“Pioneer Journey to Baraboo”
April 18, 1912.
Written for the Sauk County Historical Society by Attorney R.T. Warner, Everett, WA
In youth the pleasure of hope predominate; but in age the pleasures of memory take their place. Youth looks forward to the realization of its dreams of wealth and power, and to the Halcyon days of age, of the Heaven, “to be”, while age looks backward to the golden dreams of youth, to the lost Atlantis, the Paradise of the “has been.”
My school days were spent among the pioneers of the Baraboo valley. Born among the granite hills of New England and coming at the age of seven years to the “far west,” to the beautiful valley of the Baraboo river, was to me at once a wonder and an inspiration. The scenes and incidents of the long journey from New England to far Wisconsin in the year of our Lord, 1849, were so vividly impressed upon my memory that they can never be forgotten. This was my first experience away from the old home on the New England farm. This was seeing the world. I never before had seen a railroad or a locomotive or a steamboat. When I went upon the streets of New York and Brooklyn, I was simply bewildered. And, so my memory is somewhat confused, as to the sights I saw along our route of travel. I remember we went up the Hudson River on the steamer Rip Van Winkle to Albany; thence over the N.Y. Central railway to Buffalo; from there upon the steamer Atlantic across Lake Erie to Detroit; thence by rail across the state of Michigan to a place named New Buffalo and thence by boat to Milwaukee. From Milwaukee to Baraboo we journeyed in a freighter’s heavy lumber wagon, my father, mother and three children, our trunks and family belongings with ourselves made a heavy load, and our progress through the wilderness was necessarily very slow. We plodded along, bumping over corduroy roads, and occasionally dropping into mud holes that seemed bottomless. I can not remember where we stayed the first night out from Milwaukee, but the last stop we made, before reaching Baraboo, was at Sun Prairie, --not the modern town of Sun Prairie, --but at the cabin of a settler on the prairie of that name. Here we found old friends, who had been neighbors back in our old home, in New England. They had found a home in this western wild during the previous year. This was the family of a man by the name of Tertius Turner. I was overjoyed to find here my “chum”, Henry Turner, a boy of my own age who had been my playmate back in the old home.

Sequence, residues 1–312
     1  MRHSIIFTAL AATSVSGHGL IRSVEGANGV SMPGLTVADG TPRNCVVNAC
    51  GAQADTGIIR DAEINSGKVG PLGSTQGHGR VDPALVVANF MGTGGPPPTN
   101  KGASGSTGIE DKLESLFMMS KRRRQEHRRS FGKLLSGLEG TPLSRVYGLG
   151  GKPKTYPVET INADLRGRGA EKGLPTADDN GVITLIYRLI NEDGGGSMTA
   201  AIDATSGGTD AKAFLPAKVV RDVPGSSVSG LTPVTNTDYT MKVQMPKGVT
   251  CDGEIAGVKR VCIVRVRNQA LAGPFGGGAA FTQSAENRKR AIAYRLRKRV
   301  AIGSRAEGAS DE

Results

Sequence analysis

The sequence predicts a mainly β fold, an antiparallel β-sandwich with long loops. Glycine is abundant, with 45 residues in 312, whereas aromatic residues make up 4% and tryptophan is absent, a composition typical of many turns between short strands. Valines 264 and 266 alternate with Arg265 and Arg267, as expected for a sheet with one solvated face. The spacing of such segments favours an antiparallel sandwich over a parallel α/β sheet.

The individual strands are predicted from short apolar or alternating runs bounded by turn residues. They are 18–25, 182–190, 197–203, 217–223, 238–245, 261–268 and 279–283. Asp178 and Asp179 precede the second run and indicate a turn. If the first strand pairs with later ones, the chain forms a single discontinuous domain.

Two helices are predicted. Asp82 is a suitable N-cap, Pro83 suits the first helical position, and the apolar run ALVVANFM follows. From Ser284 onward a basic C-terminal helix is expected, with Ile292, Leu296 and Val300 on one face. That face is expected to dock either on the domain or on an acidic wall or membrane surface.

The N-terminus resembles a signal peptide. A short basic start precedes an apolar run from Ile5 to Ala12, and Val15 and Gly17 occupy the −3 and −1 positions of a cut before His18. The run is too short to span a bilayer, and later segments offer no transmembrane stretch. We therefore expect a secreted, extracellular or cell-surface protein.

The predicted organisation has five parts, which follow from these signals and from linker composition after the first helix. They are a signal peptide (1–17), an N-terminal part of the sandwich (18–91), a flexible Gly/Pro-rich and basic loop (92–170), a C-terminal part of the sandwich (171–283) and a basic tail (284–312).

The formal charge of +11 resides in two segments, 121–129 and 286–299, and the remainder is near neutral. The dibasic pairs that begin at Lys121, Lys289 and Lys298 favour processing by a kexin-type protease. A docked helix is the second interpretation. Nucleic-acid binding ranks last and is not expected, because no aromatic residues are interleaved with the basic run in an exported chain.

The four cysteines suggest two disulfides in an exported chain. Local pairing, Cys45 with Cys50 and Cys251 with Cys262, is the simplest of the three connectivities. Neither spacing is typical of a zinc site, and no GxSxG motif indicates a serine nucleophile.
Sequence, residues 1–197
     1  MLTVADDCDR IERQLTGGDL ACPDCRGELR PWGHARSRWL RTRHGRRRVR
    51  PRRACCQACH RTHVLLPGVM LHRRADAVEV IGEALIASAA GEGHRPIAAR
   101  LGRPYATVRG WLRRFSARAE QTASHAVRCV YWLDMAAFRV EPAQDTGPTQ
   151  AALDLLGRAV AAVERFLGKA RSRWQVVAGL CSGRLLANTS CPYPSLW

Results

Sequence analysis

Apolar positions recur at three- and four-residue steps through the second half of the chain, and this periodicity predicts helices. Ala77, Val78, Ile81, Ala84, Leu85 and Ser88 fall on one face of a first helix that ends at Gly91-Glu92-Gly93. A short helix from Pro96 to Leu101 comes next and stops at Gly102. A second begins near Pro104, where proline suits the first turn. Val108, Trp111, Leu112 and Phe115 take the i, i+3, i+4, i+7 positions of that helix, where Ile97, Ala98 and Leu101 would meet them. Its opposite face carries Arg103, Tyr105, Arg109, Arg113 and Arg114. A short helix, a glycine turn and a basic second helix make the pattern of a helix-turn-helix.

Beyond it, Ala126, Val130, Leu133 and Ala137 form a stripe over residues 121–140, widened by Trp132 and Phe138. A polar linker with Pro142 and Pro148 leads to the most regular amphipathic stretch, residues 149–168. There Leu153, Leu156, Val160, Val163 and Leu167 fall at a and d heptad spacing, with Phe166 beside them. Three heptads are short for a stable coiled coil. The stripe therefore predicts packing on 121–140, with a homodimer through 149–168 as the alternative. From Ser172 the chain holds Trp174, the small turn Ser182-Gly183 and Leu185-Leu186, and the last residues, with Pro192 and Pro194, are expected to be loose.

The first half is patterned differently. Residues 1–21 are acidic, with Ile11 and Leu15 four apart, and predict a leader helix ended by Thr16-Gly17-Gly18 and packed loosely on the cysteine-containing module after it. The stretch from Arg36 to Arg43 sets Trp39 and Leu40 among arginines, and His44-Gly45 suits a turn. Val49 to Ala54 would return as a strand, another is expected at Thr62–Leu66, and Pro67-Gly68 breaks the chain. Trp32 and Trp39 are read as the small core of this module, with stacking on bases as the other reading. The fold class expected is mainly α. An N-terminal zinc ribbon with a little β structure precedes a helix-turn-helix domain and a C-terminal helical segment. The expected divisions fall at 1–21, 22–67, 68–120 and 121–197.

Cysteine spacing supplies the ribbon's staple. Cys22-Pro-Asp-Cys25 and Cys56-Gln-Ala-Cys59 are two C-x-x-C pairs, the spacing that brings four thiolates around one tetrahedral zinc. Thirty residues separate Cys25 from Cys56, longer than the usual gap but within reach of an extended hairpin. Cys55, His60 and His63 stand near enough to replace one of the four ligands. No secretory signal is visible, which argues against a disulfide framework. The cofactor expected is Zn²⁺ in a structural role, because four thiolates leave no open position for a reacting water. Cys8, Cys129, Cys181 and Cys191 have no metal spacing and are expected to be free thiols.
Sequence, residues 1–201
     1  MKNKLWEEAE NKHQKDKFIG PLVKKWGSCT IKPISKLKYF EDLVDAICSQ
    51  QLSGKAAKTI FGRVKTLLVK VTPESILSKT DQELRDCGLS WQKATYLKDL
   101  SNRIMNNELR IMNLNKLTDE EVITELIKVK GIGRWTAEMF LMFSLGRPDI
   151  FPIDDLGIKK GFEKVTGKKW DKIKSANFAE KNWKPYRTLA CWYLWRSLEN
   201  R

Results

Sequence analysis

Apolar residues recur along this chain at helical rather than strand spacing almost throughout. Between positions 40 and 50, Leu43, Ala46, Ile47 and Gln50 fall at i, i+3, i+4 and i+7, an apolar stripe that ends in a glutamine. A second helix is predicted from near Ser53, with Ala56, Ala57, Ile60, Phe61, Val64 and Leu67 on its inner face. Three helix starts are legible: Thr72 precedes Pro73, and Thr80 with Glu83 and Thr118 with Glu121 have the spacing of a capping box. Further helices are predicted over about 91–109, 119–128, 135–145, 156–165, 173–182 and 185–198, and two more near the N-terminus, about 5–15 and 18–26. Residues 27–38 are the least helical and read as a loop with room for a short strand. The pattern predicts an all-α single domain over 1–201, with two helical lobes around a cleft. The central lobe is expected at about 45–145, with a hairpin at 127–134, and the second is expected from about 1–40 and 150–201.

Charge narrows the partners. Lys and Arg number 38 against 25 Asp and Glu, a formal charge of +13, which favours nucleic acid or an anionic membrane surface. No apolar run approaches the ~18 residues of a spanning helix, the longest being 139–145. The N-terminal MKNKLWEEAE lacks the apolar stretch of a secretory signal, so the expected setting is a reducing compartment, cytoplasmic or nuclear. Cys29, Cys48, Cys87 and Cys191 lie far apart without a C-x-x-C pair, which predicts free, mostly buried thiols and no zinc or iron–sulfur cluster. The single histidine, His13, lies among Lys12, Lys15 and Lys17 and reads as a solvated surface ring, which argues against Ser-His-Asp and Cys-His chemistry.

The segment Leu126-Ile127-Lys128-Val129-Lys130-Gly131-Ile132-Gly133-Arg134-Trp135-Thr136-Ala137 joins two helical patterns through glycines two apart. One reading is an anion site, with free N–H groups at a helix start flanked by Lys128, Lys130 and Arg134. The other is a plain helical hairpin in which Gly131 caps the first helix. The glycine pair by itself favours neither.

My recollection is that we reached Turner’s place on Saturday and that we stayed there over Sunday. It goes without saying that the time passed pleasantly on that first Sunday in Wisconsin, with my “chum”. It was to me a grand sight to look over the vast expanse of rolling prairie. I had never seen anything more grand than the little rocky hills of old New England. Here I got my first faint ideas of the vastness of the western prairies. This was the last time that I ever saw Henry; and I know not whether he is living or whether he has passed to the great beyond; but he has always retained a place in my memory, as my best “chum”.
On Monday we were on our way, bright and early; we passed thorough Lodi, which was a very small village, then. We crossed the Wisconsin River at Matt’s ferry, now Merrimack, before nightfall. But I remember it was dark long before we reached Baraboo, or Adams, as it was then called, newly made the county seat of Sauk county. The children were put to bed in blankets spread in the bottom of the wagon, but we did not sleep much as we went bumping over the rocky road over the Baraboo bluffs. About midnight we reached the home of my uncle in Baraboo. We were soon all abed and asleep, being pretty thoroughly tired out with our long journey. The time of our arrival was, as near as I can remember, the latter part of October, 1849. Here we found a temporary home during the autumn and winter, with my uncle, Albert G. Tuttle, of the firm of A.G. Tuttle & Company, David Munson being the other member of the firm.